What it must be like to live in a poor family in a small village in North-East Romania? We can ask Mihai, one of the ten children of a hard-working couple who is trying to educate all of their offspring. They have managed to send five of them to schools in the town; sadly, Mihai had to give up the seminary and return to the village, where he is helping his family to farm what little land they own. Since he intends to return to his studies next year, he uses every free moment to study for the exams. He tells us about his brief staying in the town and how students from rural areas are marginalized. Interestingly, staying at home is also awkward for him, because he does not feel like he truly belongs here and he wants to leave.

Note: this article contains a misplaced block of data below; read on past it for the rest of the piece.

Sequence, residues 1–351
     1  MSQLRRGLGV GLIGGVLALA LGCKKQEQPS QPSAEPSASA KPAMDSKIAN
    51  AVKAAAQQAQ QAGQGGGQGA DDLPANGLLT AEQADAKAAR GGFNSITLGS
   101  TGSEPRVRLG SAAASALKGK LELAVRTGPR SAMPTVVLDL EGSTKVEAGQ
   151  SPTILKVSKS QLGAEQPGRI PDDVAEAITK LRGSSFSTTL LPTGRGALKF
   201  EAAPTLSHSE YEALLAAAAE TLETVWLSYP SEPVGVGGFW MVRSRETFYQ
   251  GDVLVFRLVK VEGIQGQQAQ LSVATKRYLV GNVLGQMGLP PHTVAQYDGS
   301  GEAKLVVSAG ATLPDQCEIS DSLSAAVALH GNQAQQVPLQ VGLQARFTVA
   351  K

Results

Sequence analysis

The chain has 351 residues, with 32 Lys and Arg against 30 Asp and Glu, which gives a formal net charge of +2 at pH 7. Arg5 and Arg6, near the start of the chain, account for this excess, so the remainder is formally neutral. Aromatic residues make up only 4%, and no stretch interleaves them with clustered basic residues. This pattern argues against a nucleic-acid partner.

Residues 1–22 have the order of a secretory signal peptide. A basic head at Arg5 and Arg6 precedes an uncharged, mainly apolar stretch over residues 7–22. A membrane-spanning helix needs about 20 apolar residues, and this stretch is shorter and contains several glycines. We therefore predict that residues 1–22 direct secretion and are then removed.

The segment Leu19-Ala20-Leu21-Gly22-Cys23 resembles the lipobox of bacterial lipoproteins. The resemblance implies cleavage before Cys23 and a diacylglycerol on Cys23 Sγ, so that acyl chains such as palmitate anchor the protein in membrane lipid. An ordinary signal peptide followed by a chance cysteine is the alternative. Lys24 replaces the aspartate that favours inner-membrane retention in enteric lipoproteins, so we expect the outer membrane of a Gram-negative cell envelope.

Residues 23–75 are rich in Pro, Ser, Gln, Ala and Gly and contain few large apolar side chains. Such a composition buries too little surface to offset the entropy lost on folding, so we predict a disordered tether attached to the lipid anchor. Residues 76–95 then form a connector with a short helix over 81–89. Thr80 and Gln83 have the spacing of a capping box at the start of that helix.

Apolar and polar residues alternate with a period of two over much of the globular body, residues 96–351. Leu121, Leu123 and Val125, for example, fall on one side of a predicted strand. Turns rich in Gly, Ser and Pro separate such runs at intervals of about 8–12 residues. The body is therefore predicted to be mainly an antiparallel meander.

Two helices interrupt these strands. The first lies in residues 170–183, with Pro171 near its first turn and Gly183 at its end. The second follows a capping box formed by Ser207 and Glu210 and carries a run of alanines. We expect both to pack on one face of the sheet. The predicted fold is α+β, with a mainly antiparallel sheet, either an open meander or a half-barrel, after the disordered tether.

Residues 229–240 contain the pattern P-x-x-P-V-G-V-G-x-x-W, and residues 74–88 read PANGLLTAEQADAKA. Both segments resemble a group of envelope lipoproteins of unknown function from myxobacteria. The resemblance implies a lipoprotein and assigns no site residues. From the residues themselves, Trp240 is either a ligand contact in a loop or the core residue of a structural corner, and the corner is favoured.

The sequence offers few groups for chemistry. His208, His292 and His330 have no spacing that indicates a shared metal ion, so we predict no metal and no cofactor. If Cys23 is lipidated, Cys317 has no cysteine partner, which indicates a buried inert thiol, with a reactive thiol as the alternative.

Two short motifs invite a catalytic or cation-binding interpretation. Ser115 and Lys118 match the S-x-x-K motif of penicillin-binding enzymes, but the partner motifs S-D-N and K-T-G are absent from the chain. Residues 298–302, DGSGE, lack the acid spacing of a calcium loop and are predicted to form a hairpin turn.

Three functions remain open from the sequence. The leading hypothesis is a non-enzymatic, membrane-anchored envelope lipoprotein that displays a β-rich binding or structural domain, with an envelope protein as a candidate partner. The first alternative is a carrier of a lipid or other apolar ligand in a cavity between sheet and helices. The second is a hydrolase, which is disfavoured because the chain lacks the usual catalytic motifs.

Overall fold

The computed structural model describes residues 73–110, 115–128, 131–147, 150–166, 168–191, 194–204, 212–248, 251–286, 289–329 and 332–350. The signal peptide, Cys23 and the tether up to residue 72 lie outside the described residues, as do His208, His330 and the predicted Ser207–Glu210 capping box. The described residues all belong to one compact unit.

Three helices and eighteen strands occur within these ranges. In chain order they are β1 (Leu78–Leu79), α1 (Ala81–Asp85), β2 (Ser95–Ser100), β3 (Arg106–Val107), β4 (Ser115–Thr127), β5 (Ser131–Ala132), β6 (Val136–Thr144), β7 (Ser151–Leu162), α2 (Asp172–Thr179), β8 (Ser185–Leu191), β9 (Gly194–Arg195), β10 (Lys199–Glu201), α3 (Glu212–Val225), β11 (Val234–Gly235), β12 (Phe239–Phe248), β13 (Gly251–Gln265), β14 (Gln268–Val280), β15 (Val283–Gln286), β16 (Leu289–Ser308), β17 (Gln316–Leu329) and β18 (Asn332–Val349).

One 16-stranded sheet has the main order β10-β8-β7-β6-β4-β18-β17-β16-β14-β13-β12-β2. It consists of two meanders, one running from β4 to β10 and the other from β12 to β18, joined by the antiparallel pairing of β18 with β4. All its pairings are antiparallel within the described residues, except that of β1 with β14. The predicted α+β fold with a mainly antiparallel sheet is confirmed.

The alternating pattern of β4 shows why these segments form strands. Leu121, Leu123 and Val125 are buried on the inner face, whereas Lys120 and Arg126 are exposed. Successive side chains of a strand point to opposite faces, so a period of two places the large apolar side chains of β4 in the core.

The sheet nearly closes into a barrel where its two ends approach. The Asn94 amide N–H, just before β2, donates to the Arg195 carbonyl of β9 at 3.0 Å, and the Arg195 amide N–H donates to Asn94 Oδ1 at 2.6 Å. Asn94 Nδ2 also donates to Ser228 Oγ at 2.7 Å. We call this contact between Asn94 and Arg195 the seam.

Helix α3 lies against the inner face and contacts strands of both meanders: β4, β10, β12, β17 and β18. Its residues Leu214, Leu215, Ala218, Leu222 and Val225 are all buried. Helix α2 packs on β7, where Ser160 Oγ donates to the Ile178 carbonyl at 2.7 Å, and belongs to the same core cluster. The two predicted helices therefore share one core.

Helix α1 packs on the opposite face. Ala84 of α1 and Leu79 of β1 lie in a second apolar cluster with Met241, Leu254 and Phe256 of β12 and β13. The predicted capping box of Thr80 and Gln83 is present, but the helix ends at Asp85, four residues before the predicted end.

After the Revolution
The film observes the situation in Bucharest in the period immediately following the 1989 revolution - a period of continual street protests against a government that took over from the Communist Party a bit too smoothly. You can see ordinary people talking passionately on the streets, filmed with patience and humour. Context and structure is provided by the political leaders and journalists, and the hurried (and heavily disputed) election. The 1990 election itself is covered in a crowded polling station and concludes with a press conference by the international election monitors who appear shocked by the amount of ‘irregularities’ they have seen.